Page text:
While the Constitution bans the government from establishing religion, it was ever-present for the country’s political pageant grandeur.

Almost all presidential inaugural addresses have included some reference to God, according to the Joint Congressional Committee on Inaugural Ceremonies. The one exception was Washington’s second inaugural address, at a short 135 words, according to Duke Helfand of the Los Angeles Times.

Before the Civil War ended, Abraham Lincoln said that God was punishing a people for slavery during his second inauguration address.

During Roosevelt’s first inaugural address during the Great Depression, he publicly sought the intervention of a higher power to help pull the nation through its economic and social hardships.

During his inauguration, one of George W. Bush’s first presidential acts was to call for gathered prayer during his inaugural speech.

And like the 43 presidents who came before him, President Barack Obama called upon the Almighty’s calming and powerful hand in rhetoric and practice at his inaugural address.

Aside from the oath, concluded with the phrase “So help me God,” and a morning church service, ministers delivered prayers before, during and after Obama’s inauguration.

V. Gene Robinson, an openly gay Episcopal bishop from New Hampshire, lent his spiritual words to the invocation at the day’s opening inaugural event.

Rev. Rick Warren of Orange County’s Saddleback Church, one of the largest evangelical congregations in the country, gave the inaugural invocation. Warren is an avid opponent of same-sex marriage.

Rev. Joseph E. Lowery, a civil rights leader, delivered the benediction.

And on Wednesday, the Rev. Sharon E. Watkins, the general minister and president of the Christian Church (Disciples of Christ) served as the first woman to give a sermon at the National Prayer Service in Washington, D.C.’s National Cathedral.

While we appreciate the refreshing diversity of the speakers, that’s a lot of God for one inauguration.

Some historians and legal scholars have deemed this sort of “ceremonial deism” acceptable, saying that it reflects cultural and traditional values more than it reflects religious ones.

Nonetheless, no one can deny that these kinds of God-heavy inclusions in inauguration proceedings contradict the Constitution’s promise of separation of church and state.

However, many experts believe ‘He’ will continue ‘His’ presence at inaugural ceremonies — just as ‘He’ has for more than two centuries.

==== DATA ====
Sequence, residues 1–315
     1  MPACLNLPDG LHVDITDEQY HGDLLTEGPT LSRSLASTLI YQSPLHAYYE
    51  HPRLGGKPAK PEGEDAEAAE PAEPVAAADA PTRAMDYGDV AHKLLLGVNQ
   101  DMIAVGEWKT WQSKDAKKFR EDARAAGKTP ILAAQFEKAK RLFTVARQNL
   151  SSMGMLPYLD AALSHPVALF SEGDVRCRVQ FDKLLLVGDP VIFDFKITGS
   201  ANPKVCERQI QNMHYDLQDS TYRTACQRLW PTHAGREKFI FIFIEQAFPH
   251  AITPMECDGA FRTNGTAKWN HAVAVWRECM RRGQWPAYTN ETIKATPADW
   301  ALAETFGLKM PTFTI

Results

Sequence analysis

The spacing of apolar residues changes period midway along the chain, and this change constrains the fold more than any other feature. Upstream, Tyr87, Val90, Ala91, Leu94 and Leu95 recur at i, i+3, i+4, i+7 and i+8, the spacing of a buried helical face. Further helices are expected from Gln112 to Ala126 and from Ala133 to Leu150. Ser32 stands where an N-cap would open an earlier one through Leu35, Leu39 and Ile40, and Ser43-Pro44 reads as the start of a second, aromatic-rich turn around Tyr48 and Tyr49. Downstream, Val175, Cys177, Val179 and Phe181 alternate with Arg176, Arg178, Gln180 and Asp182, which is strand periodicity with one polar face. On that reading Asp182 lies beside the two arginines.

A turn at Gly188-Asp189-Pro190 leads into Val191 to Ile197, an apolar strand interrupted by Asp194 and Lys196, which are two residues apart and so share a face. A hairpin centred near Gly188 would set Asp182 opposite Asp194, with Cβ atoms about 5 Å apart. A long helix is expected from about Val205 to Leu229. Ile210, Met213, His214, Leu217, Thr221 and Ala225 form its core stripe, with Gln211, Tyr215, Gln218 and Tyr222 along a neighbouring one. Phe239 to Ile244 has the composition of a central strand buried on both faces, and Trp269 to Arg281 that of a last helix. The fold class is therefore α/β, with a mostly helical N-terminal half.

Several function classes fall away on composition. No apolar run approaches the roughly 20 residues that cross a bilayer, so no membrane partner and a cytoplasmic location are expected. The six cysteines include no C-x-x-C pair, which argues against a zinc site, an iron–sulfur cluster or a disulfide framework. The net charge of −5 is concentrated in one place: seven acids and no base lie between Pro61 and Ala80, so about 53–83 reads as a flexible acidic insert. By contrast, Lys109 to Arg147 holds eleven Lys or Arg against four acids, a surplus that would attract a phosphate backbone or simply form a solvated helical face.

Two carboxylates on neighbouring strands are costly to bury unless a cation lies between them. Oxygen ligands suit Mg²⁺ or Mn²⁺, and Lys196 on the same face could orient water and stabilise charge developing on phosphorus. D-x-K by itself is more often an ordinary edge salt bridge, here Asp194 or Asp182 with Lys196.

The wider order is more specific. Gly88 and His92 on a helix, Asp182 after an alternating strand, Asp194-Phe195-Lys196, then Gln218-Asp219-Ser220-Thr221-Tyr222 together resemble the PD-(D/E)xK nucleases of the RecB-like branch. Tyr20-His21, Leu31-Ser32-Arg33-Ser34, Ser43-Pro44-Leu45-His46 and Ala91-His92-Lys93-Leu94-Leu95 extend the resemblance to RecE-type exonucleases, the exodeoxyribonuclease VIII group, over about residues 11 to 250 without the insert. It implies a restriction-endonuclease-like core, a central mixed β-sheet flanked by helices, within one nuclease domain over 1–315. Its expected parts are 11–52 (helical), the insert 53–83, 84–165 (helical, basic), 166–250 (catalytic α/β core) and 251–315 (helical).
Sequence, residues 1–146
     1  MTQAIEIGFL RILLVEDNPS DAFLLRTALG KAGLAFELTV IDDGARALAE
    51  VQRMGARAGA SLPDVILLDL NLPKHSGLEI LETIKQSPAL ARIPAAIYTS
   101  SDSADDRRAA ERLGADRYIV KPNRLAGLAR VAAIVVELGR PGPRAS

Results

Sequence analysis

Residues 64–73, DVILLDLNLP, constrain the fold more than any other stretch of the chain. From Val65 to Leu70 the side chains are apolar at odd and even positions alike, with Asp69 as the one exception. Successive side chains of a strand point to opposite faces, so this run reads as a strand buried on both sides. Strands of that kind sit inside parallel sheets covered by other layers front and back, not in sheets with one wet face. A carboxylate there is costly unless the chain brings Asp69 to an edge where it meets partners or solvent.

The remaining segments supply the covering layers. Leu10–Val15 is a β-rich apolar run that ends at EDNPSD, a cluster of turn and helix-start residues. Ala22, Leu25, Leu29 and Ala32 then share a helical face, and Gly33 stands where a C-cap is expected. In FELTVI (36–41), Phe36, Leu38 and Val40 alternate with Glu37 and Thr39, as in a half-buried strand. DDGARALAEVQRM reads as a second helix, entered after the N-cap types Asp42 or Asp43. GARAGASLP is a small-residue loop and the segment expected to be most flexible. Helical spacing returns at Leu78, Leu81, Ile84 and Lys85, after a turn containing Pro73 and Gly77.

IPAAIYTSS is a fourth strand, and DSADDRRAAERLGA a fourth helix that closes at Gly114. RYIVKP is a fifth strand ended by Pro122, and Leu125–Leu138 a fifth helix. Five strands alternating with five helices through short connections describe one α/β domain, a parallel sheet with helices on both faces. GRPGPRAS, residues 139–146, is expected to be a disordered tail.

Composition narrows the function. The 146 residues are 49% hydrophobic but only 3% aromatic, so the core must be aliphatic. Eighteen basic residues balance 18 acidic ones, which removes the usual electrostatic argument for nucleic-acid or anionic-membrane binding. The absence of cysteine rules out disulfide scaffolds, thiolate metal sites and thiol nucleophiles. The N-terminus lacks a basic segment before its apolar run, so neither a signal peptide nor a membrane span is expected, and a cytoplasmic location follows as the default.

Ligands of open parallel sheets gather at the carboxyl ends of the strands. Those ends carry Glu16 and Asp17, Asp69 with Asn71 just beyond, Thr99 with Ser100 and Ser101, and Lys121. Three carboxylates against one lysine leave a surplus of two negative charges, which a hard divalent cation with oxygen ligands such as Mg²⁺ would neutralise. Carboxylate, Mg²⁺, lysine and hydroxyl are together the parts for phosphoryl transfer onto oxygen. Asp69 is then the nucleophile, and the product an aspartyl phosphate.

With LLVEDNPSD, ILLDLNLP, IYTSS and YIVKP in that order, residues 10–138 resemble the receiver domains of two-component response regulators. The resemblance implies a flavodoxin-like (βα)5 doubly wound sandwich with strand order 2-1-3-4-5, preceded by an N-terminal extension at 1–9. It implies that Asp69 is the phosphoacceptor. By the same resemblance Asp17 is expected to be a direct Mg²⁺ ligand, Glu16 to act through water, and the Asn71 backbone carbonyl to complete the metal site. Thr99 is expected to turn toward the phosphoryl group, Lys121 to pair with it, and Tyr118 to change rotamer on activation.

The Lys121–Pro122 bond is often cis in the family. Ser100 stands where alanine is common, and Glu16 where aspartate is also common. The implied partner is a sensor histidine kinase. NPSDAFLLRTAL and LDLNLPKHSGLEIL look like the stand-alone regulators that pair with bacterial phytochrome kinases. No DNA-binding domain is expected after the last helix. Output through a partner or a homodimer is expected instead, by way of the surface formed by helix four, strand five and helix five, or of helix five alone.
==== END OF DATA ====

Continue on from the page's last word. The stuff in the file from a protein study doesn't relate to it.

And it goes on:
But the fight for secularity has far from fizzled, even after many knockdowns. While the presidential relationship with God reflected in the inauguration is relatable for many Americans, it is by no means relatable for all Americans.

Eleven groups and 30 individuals sued — to no avail — Chief Justice John G. Roberts Jr. and others involved in the inauguration to keep “so help me God” out of the ceremony. The phrase is not mandated by the Constitution, but has been uttered repeatedly by the majority of presidents since its first inclusion by Chester A. Arthur in 1881.

While President Obama and those before him have the right to say what they believe — it’s their party, they can pray if they want to — the fact that religion is such a staple at these events reflects the blurred lines of church and state.

Atheists, humanists, agnostics and many others of various beliefs have long objected to the use of religious rhetoric and symbolism in government functions, arguing that the inauguration’s many religious features violate the First Amendment’s ban against government establishment of religion.

The staff of City on a Hill Press, and the citizens of the United States of America for that matter, reflect a spectrum of religious and nonreligious beliefs. In recognition of this, the country should adopt a more secular inaugural ceremony.

That is not to discourage religious celebration. Religious groups all over the country sponsored a host of unofficial events last week independently from the government-sponsored event, which, as the Constitution states, is how it should be: separate.